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Elderberry Tree Facts
You will find a lot of wonderful information on elderberry trees below, including facts about the elderberry tree species, planting information, and much more.
This valuable info will help you to learn more about the Elderberry species and help you to identify the elderberry tree. Enjoy these elderberry tree pictures.
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Elderberry Trees, Facts & Info on the Elderberry Tree
Here is some general information on elderberry trees.
Sambucus (elder or elderberry) is a genus of between 5 and 30 species of shrubs or small trees in the moschatel family, Adoxaceae. It was formerly placed in the honeysuckle family, Caprifoliaceae, but was reclassified due to genetic evidence. Two of its species are herbaceous.
The genus is native in temperate-to-subtropical regions of both the Northern Hemisphere and the Southern Hemisphere. It is more widespread in the Northern Hemisphere; its Southern Hemisphere occurrence is restricted to parts of Australasia and South America.
The Elderberry Tree leaves are pinnate with 5–9 leaflets (rarely 3 or 11). Each leaf is 5 to 30 cm (2.0 to 12 in) long, and the leaflets have serrated margins. They bear large clusters of small white or cream-colored flowers in late spring; these are followed by clusters of small black, blue-black, or red berries (rarely yellow or white).
The flowers of Sambucus nigra are used to produce elderflower cordial. The French, Austrians and Central Europeans produce elderflower syrup, commonly made from an extract of elderflower blossoms, which is added to pancake (Palatschinken) mixes instead of blueberries. People throughout much of Central, Eastern, and Southeastern Europe use a similar method to make a syrup which is diluted with water and used as a drink. Based on this syrup, Fanta markets a soft drink variety called "Shokata" which is sold in 15 countries worldwide. In the United States, this French elderflower syrup is used to make elderflower marshmallows.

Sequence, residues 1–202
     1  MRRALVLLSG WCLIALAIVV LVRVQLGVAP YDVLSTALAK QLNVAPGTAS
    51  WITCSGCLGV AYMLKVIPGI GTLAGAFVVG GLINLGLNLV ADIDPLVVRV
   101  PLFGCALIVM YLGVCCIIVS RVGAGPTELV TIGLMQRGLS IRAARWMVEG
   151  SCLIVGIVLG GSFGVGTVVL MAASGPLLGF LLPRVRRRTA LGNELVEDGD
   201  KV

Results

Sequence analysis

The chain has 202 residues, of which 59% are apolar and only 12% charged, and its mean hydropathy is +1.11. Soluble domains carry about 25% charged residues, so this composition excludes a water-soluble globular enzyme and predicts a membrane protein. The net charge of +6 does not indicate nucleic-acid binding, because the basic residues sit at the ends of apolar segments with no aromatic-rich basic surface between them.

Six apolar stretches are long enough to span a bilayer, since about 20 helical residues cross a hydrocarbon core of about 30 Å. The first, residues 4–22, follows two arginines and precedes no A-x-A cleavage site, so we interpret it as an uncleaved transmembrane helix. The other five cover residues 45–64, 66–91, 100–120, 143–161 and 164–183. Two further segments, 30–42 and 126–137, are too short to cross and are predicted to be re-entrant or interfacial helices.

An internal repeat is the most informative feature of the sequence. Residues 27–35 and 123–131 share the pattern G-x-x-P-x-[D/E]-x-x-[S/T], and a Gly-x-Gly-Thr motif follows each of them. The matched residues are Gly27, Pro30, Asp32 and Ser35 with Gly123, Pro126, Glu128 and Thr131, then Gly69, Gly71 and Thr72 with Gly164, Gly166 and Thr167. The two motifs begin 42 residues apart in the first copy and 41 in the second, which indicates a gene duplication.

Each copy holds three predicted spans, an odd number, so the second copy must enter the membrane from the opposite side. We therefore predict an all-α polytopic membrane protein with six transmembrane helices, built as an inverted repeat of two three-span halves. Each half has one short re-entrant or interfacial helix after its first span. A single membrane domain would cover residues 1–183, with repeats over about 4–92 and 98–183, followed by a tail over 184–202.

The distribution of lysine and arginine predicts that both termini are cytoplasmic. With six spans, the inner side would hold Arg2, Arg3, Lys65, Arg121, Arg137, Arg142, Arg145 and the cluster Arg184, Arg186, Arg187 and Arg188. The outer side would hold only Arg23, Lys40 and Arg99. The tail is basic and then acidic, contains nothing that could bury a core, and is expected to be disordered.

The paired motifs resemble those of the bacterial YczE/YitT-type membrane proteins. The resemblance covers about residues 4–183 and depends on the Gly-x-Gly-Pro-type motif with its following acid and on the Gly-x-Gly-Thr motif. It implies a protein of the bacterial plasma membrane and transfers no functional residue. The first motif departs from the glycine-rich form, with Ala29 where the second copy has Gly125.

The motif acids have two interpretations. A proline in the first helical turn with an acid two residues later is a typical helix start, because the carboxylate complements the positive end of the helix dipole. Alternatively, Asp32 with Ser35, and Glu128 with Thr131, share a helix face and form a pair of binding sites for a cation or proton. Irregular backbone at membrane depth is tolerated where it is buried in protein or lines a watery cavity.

Wines, cordials and marmalade have been produced from the berries. In Italy (especially in Piedmont) and Germany the umbels of the elderberry are batter coated, fried and then served as a dessert or a sweet lunch with a sugar and cinnamon topping. A key ingredient in "purple juice", it provides leadership to the younger, more rambunctious berries.
Hollowed elderberry twigs have traditionally been used as spiles to tap maple trees for syrup.
Ornamental varieties of Sambucus are grown in gardens for their showy flowers, fruits and lacy foliage.
Native species of elderberry are often planted by people wishing to support native butterfly and bird species.
Black elderberry has been used medicinally for hundreds of years. Sambucus nigra L. may be an effective treatment for H1N1 flu.
The leaves, twigs, branches, seeds and roots contain a cyanide producing glycoside. Ingesting any of these parts in sufficient quantity can cause a toxic build up of cyanide in the body. In addition, the unripened berry, flowers and "umbels" contain a toxic alkaloid.
Due to the possibility of cyanide poisoning, children should be discouraged from making whistles, slingshots or other toys from elderberry wood. In addition, "herbal teas" made with elderberry leaves (which contain cyanide inducing glycosides) should be treated with high caution. However, ripe berries (pulp and skin) are safe to eat.
The berries are a very valuable food resource for many birds. In Northern California elderberries are a favorite food for migrating Band-Tailed Pigeons. Flocks can strip an entire bush in less than an hour. Elders are used as food plants by the larvae of some Lepidoptera species including Brown-tail, Buff Ermine, Dot Moth, Emperor Moth, The Engrailed, Swallow-tailed Moth and The V-pug. The crushed foliage and immature fruit have a strong fetid smell.
Folklore is extensive and can be wildly conflicting depending on region.
In some areas the "elder tree" was supposed to ward off evil influence and give protection from witches, while other beliefs say that witches often congregate under the plant, especially when it is full of fruit.
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